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A really clever thing they did here was introduce two more androids over the course of the film. The first is Teddy, Martin’s old robotic stuffed bear. When you think about it, that bear and David aren’t really so different, even though David is programmed to love his mother. Teddy is still very loyal, nevertheless. When you think about children and stuffed animals, it doesn’t matter if the toy loves them back or not. The kids drag it around with them anyway, hug it and cry on it, have tea parties with; it doesn’t matter that it’s an inanimate object. Humans dump all of their emotions on it, personifying it to the extent that it doesn’t matter what it does or doesn’t do. But in Teddy’s case, the toy actually talks back, will hug the kid back, and chatter aimlessly through the tea party. It’s another degree of personification, with a computer program helping out. The other, more grown up, android is introduced later in the film: Gigolo Joe (Jude Law), and he does exactly what you think. He’s literally a sex machine, and though a human client has reservations at first, they do it anyway.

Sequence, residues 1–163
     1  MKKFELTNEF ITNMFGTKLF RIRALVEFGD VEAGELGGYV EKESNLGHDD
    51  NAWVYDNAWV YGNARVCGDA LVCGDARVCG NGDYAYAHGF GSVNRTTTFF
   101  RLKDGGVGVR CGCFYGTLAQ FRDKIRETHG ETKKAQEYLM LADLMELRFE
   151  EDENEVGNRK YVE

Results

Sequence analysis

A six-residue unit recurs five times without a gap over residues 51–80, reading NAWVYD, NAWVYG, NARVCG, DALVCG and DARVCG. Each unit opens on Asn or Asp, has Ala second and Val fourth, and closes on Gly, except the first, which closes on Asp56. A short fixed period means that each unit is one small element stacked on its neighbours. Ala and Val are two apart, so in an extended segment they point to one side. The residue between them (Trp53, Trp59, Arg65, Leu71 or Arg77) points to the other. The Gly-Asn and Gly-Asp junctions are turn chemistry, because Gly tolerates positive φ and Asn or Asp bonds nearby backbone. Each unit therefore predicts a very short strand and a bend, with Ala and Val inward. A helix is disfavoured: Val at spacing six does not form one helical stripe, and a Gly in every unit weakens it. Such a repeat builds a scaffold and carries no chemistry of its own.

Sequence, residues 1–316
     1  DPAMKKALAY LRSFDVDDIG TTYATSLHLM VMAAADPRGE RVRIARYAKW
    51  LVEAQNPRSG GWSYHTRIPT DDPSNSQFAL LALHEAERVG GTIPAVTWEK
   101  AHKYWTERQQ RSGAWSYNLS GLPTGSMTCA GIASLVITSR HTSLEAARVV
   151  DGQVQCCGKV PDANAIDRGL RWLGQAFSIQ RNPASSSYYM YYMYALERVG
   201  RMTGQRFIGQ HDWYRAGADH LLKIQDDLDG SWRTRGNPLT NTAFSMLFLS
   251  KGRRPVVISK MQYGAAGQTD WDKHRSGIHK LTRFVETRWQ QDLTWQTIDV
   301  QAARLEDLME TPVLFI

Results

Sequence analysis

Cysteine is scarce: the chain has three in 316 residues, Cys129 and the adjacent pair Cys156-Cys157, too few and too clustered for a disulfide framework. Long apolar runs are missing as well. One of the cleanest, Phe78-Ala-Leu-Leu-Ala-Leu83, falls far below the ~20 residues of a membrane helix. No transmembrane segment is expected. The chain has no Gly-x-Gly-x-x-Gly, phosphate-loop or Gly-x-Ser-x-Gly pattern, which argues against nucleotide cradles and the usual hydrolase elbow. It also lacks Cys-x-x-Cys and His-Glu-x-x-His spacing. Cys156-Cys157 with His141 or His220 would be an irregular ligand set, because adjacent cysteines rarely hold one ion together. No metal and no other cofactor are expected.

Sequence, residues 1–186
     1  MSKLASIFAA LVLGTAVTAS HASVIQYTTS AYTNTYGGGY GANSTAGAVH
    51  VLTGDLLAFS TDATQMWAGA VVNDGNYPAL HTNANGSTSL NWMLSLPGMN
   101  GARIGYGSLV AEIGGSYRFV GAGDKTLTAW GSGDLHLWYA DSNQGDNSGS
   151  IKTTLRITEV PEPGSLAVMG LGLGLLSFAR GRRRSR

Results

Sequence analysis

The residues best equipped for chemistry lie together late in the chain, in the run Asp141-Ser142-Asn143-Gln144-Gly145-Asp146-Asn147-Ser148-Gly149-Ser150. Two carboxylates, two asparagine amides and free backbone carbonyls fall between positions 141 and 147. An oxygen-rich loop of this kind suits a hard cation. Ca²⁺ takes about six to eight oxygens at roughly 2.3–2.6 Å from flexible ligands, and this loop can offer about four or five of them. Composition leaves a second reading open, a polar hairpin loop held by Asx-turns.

The problem for David comes, and it’s pretty clear that this is going to happen, when Martin gets better. Now he has competition, and while David might not mind as long as he loves Monica and Monica loves him, Martin has a big problem with it. Who can really blame him though; imagine waking up from a coma seeing a robot in your place? Not that Monica or Henry pretend that David replaces Martin in anyway, they don’t, but that’s how it has to look to Martin. They have some sibling rivalry, and Martin has learned right away the advantage he has. He’s a real boy. He has Monica read them Pinocchio to rub it in, and that story really serves a basis for the rest of the film. David acts his part a little too well, and in seeking protection from bullies, pulls Martin into a swimming pool by accident and won’t let go. The dads at the party jump in to save Martin, and David is left at the bottom. Good thing he’s waterproof.